We proceeded to stand awkwardly at the food trucks/booths trying to decide what to get; Joelle loves corn, so she got some delicious sounding grilled corn with truffle butter. YUM…

look how happy she is.

Chinwe and I both ended up with some shrimp tacos,

very tasty, and the boys shared something which I’ve already forgotten the name of if I’m to be entirely honest. They seemed happy about it though, so that’s a win. And we got to look at some cool street art while waiting,

along with witnessing what I can only assume was a cruiser gang roll up and then immediately back out.

After we all inhaled our food we wandered back to the other part of the party to get some mimosas…the time had come finally. We patiently stood in line at the bar, and upon asking for the bottomless mimosas…heartbreak: they were out. Noooooo! Okay well I’ll just get a rum and sprite instead, when in pirate territory…drink rum. We all got insanely strong drinks and moved along to take some of our first pictures of the day/night with the grass wall,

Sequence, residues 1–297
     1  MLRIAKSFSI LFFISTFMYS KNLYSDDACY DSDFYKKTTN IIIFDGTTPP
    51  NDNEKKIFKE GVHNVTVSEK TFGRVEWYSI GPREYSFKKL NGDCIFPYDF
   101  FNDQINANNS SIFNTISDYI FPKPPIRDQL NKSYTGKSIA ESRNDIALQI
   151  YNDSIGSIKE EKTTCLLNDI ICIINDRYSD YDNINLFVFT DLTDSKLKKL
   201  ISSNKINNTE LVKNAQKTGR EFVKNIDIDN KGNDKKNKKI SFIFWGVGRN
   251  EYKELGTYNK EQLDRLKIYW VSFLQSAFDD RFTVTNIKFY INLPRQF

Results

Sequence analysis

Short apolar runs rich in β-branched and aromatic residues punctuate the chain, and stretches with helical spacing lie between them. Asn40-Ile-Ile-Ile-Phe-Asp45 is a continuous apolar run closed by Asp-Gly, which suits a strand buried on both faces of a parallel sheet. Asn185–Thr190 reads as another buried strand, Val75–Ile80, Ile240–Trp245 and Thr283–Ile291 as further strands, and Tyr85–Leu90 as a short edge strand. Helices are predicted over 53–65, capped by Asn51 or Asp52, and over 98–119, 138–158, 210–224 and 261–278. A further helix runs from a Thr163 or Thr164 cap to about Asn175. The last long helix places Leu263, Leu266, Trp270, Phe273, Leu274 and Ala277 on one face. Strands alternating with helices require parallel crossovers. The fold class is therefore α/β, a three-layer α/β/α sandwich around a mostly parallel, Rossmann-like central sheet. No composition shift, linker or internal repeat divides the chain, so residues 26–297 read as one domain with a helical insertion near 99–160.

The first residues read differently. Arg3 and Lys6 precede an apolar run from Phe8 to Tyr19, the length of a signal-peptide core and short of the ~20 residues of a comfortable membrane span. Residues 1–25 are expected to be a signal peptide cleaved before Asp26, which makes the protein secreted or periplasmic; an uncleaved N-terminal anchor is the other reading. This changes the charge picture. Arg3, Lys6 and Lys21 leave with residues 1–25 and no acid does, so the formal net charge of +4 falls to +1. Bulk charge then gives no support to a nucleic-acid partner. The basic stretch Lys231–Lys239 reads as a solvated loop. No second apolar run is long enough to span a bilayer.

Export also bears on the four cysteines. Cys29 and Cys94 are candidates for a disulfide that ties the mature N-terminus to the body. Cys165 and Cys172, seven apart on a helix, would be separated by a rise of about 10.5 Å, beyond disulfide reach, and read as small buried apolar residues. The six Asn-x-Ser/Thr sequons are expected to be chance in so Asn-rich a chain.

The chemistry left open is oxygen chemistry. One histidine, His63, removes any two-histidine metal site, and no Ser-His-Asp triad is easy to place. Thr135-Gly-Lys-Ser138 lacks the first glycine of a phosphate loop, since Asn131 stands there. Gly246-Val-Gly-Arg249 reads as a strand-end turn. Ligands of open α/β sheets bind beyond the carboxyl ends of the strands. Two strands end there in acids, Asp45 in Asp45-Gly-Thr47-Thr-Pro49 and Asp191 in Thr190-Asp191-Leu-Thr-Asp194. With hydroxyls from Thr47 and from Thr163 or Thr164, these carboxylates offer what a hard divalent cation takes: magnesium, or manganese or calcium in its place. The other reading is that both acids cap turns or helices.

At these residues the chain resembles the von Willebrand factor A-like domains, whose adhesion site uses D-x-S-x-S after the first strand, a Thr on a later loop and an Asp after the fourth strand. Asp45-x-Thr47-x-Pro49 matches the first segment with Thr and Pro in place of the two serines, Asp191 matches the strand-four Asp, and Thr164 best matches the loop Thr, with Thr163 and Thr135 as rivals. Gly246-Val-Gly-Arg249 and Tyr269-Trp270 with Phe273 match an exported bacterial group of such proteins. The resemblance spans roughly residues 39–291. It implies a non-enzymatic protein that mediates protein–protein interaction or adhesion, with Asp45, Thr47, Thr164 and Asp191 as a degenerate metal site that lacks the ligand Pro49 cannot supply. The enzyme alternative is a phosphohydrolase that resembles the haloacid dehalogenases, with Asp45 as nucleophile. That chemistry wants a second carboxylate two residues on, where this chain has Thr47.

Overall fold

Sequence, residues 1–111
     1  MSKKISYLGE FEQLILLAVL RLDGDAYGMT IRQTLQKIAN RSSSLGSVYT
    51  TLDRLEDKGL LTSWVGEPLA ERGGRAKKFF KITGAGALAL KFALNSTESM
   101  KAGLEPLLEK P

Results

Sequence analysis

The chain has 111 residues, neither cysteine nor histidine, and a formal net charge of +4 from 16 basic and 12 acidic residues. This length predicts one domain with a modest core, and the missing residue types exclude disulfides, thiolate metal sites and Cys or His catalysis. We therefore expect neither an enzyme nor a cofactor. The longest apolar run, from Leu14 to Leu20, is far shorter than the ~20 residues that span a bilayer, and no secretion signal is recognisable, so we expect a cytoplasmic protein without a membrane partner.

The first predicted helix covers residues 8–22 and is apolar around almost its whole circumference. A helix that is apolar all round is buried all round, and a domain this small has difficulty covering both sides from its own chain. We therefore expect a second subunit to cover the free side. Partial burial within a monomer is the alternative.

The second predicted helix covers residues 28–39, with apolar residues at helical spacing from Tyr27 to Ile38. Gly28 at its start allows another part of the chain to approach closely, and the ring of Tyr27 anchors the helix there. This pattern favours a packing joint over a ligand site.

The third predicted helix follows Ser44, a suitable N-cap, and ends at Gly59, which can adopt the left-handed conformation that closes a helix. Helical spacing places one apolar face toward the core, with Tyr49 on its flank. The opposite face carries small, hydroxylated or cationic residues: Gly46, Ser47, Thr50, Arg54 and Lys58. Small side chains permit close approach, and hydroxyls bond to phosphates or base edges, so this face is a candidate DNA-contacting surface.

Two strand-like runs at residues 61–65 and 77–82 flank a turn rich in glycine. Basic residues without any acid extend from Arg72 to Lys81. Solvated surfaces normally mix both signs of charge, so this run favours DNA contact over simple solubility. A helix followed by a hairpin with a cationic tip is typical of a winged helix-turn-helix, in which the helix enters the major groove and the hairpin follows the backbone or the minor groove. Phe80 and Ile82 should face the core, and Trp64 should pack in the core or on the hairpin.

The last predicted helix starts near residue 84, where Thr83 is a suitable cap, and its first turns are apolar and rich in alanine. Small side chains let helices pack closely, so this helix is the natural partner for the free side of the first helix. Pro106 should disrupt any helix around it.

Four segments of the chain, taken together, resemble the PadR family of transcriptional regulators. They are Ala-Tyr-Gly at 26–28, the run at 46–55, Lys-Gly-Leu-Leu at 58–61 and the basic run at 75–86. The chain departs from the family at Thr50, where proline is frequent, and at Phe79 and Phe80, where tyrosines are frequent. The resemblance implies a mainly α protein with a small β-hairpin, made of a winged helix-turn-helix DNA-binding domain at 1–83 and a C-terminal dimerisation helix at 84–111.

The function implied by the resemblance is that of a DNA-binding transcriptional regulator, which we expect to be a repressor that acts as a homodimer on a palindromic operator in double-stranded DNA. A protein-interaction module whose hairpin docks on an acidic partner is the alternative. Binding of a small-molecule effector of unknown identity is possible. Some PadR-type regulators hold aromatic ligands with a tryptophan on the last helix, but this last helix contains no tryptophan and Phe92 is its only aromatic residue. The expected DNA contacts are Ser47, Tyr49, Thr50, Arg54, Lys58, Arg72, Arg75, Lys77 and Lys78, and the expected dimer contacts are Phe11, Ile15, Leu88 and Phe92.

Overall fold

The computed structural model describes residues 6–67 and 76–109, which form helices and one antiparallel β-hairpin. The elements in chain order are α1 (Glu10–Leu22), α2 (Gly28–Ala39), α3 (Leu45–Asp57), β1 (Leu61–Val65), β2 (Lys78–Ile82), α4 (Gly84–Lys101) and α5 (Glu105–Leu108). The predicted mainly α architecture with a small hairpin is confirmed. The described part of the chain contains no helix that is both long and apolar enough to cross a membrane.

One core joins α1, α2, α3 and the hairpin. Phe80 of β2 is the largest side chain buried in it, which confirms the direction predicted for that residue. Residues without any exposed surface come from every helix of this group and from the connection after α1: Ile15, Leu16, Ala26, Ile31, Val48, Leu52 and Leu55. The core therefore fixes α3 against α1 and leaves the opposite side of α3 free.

and that’s when we decided to move along to the wine place.

Fast forward, and we’re back, ready to have a bloody amazing time; and that’s exactly what we got. We showed up and took a hundred selfies right outside, there’s proof of that not only in my phone,

but also from the photographer for the party…really great stuff,

look at that pure joy. We got a few adult slushees and proceeded to DANCE.

I bounced around like a crazy person, (literally, even the Lite Vibes insta agrees see…)

Joelle had some swag,

Chinwe was our calm dancer,

Sith got DOWN with me,

and even though we didn’t realize he wasn’t quite as intoxicated (sorry again mom) as the rest of us, even Mohamed put up with us and threw some moves in.

We took videos,

we took pictures,

we danced,

we drank,

this is easily one of the most fun nights I could have possibly had while staying in Nassau.

They even had giant Jenga,

which we dedicated ourselves to quite passionately.

What else is there that I could possibly say about this block party? It was an amazing time, there were good tunes, good food, good drinks, fun games, lovely weather. Above all of that though, this is where some of my hostel acquaintances turned into lifelong friends, Lite Vibes may be a simple block party on the surface, but it’s much more, this was a place to enjoy; to let down your defenses and have fun and be happy, which is exactly what we did. Don’t pass up this opportunity should it arise for you, this is an amazing thing they’ve got going on with awesome (Lite) vibes. Go. Seriously.